The treatment of fibromyalgia varies considerably from patient to patient dependent on individual symptoms. No single treatment works for the condition and most sufferers find themselves handling a range of medication and treatments. Medication is most commonly teamed with lifestyle changes to help alleviate the worst symptoms.
Many fibromyalgia sufferers take a range of different medications, which are looked at in more depth below. All medication should be prescribed by your doctor. You should not be tempted to self-prescribe medications as this could lead to serious health problems.
Simple painkillers such as paracetamol can be effective in relieving some degree of the pain of fibromyalgia. This is not the case for everyone and therefore a GP may prescribe a stronger painkiller such as codeine or tramadol but intake of these painkillers is often closely monitored due to risk of addiction.
Antidepressant medication is often used to help relieve pain as they boost the levels of chemicals that carry messages to and from the brain. Low levels of these chemicals are known to be a potential factor in the cause of fibromyalgia so combatting it can make a huge difference to the widespread pain associated with the syndrome. There are different types of antidepressant medication and most GPs will offer a choice of three main types: tricycle antidepressants, SNRIs or SSRIs to fibromyalgia sufferers.
Sleep problems are commonly associated with fibromyalgia and can exacerbate the condition. Some GPs will prescribe medication to help with sleep but they may prefer to offer advice and tips for good sleeping techniques.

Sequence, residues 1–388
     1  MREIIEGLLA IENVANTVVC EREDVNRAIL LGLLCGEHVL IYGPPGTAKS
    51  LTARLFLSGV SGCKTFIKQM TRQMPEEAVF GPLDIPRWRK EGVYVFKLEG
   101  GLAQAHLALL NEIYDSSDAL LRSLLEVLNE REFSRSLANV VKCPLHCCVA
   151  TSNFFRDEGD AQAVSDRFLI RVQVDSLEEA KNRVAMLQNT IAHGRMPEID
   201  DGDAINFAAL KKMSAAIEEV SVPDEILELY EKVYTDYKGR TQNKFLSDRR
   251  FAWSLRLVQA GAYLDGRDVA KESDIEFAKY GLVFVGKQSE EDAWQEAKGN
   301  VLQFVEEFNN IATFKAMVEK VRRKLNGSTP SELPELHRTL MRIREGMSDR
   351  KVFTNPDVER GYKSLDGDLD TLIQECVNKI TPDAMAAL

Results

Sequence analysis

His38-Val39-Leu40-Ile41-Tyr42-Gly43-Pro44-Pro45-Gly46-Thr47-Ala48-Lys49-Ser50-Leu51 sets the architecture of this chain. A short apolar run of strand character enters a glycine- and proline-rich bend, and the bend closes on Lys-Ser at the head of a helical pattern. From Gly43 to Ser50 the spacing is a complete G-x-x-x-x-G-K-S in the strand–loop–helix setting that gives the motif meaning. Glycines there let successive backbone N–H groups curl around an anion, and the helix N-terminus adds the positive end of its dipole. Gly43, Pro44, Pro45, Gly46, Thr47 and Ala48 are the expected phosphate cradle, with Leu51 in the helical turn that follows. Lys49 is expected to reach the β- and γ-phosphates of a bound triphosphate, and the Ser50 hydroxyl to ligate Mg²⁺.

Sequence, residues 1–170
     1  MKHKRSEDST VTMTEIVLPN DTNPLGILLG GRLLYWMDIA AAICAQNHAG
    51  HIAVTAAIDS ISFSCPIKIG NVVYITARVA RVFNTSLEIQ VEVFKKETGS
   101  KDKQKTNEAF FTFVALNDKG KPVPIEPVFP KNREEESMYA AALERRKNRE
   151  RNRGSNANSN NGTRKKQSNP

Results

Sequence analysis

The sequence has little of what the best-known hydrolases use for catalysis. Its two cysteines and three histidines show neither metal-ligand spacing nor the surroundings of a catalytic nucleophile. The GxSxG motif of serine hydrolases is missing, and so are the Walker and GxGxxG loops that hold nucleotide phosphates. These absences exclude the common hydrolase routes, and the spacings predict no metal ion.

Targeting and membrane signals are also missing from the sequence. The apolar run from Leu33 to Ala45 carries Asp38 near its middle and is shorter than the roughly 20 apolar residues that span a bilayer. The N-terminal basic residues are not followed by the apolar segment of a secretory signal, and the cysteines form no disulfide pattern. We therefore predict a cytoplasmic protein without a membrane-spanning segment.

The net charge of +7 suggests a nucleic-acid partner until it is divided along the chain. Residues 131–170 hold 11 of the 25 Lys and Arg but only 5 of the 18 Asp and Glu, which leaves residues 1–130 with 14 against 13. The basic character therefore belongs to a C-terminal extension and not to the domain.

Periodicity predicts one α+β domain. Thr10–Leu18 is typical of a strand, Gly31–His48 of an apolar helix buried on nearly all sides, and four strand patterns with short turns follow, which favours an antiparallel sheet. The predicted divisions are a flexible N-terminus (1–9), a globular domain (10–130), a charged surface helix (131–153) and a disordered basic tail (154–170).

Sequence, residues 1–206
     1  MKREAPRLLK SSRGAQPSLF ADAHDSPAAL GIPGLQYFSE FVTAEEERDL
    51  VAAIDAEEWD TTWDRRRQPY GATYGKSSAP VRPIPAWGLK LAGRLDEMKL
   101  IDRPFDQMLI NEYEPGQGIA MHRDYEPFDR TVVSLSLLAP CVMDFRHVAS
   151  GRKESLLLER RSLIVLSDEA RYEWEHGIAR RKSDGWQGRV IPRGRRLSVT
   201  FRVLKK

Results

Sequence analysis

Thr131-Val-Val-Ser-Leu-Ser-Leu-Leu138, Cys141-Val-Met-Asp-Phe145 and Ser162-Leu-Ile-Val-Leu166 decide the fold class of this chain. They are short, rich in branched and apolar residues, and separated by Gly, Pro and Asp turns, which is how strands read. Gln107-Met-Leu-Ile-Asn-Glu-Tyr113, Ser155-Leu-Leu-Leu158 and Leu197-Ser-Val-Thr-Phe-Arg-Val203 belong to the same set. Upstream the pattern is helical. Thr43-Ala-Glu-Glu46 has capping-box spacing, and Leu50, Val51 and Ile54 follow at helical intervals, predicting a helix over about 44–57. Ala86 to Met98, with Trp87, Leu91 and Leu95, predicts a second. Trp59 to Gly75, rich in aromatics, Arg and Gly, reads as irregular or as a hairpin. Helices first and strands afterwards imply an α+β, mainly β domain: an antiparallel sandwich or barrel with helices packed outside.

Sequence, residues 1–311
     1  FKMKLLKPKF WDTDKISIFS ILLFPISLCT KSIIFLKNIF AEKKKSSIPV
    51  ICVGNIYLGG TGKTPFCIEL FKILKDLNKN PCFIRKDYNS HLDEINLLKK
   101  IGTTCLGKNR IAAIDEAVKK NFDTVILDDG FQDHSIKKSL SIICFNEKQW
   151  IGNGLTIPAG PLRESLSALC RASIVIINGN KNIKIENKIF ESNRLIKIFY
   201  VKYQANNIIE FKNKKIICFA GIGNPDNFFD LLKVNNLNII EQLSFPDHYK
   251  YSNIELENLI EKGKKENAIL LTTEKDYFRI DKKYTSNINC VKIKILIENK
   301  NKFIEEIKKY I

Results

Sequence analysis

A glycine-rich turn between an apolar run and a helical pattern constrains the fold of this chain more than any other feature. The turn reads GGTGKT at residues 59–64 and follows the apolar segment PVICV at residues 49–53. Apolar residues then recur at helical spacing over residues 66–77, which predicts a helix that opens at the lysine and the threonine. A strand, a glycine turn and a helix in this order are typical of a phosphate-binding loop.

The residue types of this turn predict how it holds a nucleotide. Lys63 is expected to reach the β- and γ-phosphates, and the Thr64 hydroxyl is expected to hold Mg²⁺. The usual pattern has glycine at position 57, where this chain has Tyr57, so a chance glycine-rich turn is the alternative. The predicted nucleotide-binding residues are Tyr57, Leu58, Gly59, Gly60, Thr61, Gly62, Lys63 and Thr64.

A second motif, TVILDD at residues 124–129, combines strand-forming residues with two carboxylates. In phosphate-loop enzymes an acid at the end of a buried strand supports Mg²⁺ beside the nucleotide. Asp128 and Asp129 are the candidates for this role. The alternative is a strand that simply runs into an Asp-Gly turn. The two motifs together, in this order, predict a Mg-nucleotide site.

Many fibromyalgia sufferers live with muscle stiffness as well as pain and this can be eased with a muscle relaxant medication. Many muscle relaxants also have sedative qualities which can cancel out the need for the previous type of medication.
Some GPs will also consider adding anticonvulsant or antipsychotic medication to prescriptions as they can help manage pain in different ways, and with the causes of fibromyalgia still a mystery, many patients will try a range of different treatments before finding the one that works for them.
In addition to medication many people with fibromyalgia try other methods to help treat the condition. Hydrotherapy is becoming more popular as well as gentle exercise and swimming, often tailored by an expert in the field. Cognitive behavioural therapy and psychotherapy have been known to ease the psychological symptoms of the condition which can in turn exacerbate some of the physical pain. Self-help groups and support communities are also heralded as very successful by some individuals.
From an alternative therapies perspective it is possible to use acupuncture, massage and reflexology in treating fibromyalgia although there is no evidence to suggest these therapies help in the long term. You should seek medical advice before taking part in any of these activities or therapies so as not to worsen any symptoms.